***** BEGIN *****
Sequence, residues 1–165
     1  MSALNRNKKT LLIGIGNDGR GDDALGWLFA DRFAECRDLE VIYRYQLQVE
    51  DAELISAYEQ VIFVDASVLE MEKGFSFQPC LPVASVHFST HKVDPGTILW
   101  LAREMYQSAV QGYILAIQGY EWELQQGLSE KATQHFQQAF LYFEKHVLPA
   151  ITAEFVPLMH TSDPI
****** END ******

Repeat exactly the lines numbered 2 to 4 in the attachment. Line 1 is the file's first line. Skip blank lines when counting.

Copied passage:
     1  MSALNRNKKT LLIGIGNDGR GDDALGWLFA DRFAECRDLE VIYRYQLQVE
    51  DAELISAYEQ VIFVDASVLE MEKGFSFQPC LPVASVHFST HKVDPGTILW
   101  LAREMYQSAV QGYILAIQGY EWELQQGLSE KATQHFQQAF LYFEKHVLPA